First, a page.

She heard a muffled creak next to her chair and her eyes went wide as she dared a side glance. The stranger had sat down beside her! The absolute gall of him to stare at her as if her appearance was somehow humorous and then pull up a chair! Some part of Anne’s brain (the more logical part that sounded quite a bit like Diana) supposed he was sitting beside her because they were possibly close in age, but the currently irritated part of her was unfortunately in the forefront.
Anne had just begun formulating a perfect HOW DARE YOU opener, when a small child ran over to the man.
A shout of “Uncle Gilbert!” rang out as the little girl embraced him. Anne watched as the man laughed and pulled her into his lap, asking if she was ready to leave. She felt her anger soften as he adjusted the ribbons on the girl’s braids and she turned away quickly, feeling bad for staring in the same way she had been irked at him for doing earlier.
A gasp suddenly came from the girl as she realized who she was sitting next to, and Anne overheard her whisper to her uncle asking if she could say goodbye to the Princess.
“Don’t you think she’s beautiful?” The little girl whispered again, “She’s tough, too. She’s got a sword ! Do you think she’ll let me hold it?”
Anne smiled and turned to the chair then. Her “sword” was really just a small, dull dagger attached to a chain on her hip, but it definitely helped her popularity with little boys and girls who wanted more excitement in their princess stories.
“This blade has been blessed by a fairy,” she said, watching the little girl’s eyes get wide, “if you aren’t worthy it’ll burn you upon contact. Do you think you’re ready?”
The child glanced up at her uncle, who nodded down at her.
“I think she is,” he locked eyes resolutely with Anne and for a moment she forgot what she had said in the first place, “Lizzie is actually a very powerful sorceress.”
He winked at her above the girl’s head and Anne choked slightly on her next sentence as Lizzie nodded affirmatively to his statement.
“All-all right, then,” Anne unhooked the sheath from the chain and placed it in the girl’s open hands, “be very careful. It seems harmless, but that’s how all magic appears.”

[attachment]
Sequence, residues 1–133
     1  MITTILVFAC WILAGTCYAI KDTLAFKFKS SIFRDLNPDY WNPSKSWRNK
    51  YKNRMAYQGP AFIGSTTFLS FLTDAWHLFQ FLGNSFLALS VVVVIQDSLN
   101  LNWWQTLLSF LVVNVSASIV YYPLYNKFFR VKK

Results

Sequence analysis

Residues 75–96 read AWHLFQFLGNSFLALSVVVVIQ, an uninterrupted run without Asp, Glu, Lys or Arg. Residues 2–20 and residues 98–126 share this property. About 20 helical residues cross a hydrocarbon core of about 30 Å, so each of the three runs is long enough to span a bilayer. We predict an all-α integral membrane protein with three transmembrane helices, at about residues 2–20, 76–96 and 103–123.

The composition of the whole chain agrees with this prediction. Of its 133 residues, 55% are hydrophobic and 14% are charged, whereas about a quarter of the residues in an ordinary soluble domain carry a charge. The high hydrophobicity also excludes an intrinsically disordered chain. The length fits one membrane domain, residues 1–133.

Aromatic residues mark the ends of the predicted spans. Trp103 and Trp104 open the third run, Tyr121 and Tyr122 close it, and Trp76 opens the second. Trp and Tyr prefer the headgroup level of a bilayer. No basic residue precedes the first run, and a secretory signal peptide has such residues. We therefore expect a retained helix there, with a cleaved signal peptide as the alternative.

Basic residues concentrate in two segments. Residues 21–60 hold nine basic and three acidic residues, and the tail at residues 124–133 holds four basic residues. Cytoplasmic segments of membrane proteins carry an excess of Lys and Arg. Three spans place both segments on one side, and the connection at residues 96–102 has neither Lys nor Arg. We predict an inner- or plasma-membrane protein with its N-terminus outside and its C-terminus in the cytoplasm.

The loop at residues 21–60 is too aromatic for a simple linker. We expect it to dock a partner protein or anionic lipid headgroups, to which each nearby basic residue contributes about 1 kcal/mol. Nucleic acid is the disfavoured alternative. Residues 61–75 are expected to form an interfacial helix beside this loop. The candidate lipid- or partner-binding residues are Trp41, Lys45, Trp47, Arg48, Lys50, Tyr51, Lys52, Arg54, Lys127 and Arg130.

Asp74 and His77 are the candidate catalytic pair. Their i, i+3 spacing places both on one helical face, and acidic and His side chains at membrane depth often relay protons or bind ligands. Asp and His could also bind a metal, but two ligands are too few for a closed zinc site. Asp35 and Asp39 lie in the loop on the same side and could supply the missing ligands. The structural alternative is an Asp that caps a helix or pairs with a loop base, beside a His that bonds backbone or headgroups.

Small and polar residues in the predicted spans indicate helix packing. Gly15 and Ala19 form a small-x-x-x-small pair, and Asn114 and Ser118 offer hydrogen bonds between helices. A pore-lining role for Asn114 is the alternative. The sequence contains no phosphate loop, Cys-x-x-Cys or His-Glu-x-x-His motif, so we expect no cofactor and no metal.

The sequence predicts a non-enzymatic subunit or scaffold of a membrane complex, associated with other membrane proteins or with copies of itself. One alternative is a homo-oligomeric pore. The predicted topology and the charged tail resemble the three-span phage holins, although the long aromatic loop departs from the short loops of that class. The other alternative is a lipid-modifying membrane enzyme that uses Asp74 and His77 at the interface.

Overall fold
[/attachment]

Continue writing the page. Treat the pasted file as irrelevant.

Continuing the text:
Lizzie’s uncle ( Gilbert , Anne’s brain prompted) took the blade out of the cover for her and placed it handle-first in her palm, then he let out a small breath, “look, no burns!”
Anne appreciated his dedication to the story and wished more adults were open to the magic of a simple play of pretend. She watched as Sorceress Lizzie gripped the handle and smiled when her hands remained unscathed. She asked Anne about the jewels on the handle ―glued with expert care by Cole on a late night costuming binge―and Anne told her a quick tale about an evil witch who hoarded gold to melt for spells. The jewels were the power Princess Cordelia had snatched from the witch, condensed into gems to be protected for the good of the kingdom.
Parents were beginning to pack up their kids and Gilbert handed the knife back to Anne, telling Lizzie to say her goodbyes. The little girl reached for one of her bows and placed it in Anne’s hand.
“It’s magic!” She whispered. Anne smiled and gave her a hug, the girl seeming to disappear in her voluminous pastel skirts for a moment.
The pair began to walk away when Lizzie started nudging her uncle back. He let go of her hand and turned to Anne, running his fingers through his dark curls for a moment. He seemed a tad sheepish now as he stepped toward her.
(Anne ignored the way this gesture made her heart yammer in her glittered bodice.)
“I’m Gilbert, by the way,” he began to reach out a hand for her to shake, then smirked at her and retracted it to cross over his chest instead, bowing deeply at the waist. Lizzie laughed at him and Anne resisted the pink spots forming on her cheeks.
“I’m actually Anne,” Anne smirked back at him―two could play this game, after all― and lifted her skirts to curtsy, “with an E.”